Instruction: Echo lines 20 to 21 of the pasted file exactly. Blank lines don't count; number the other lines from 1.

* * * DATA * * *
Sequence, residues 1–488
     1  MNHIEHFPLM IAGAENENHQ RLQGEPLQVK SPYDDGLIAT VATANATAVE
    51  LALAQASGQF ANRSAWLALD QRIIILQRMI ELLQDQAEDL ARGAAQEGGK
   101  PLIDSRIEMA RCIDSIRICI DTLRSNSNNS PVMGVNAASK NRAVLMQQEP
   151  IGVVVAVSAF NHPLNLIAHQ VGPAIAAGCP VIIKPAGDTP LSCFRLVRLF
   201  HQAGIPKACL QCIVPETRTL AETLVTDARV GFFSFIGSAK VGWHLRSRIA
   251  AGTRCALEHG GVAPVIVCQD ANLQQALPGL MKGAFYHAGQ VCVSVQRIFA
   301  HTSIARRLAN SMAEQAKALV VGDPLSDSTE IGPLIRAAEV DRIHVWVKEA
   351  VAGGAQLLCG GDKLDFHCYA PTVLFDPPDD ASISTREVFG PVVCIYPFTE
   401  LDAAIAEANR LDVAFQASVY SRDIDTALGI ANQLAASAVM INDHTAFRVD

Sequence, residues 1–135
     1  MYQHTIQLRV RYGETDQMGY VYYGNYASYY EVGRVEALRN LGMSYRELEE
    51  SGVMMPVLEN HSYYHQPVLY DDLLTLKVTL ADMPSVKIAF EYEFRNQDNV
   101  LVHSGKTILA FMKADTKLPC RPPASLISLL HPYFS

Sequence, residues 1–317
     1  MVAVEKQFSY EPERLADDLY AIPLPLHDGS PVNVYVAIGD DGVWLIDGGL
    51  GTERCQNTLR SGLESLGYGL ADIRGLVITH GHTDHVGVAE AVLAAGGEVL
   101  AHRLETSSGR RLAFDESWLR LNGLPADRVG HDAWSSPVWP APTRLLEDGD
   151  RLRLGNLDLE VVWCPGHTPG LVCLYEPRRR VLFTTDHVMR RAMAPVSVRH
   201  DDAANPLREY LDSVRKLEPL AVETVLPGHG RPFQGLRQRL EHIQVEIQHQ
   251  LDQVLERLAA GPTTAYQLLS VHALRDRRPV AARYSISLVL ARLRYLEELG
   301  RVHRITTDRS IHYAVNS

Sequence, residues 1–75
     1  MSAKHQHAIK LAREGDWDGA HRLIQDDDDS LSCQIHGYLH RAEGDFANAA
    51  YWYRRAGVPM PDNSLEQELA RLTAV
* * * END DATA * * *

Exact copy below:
   201  DDAANPLREY LDSVRKLEPL AVETVLPGHG RPFQGLRQRL EHIQVEIQHQ
   251  LDQVLERLAA GPTTAYQLLS VHALRDRRPV AARYSISLVL ARLRYLEELG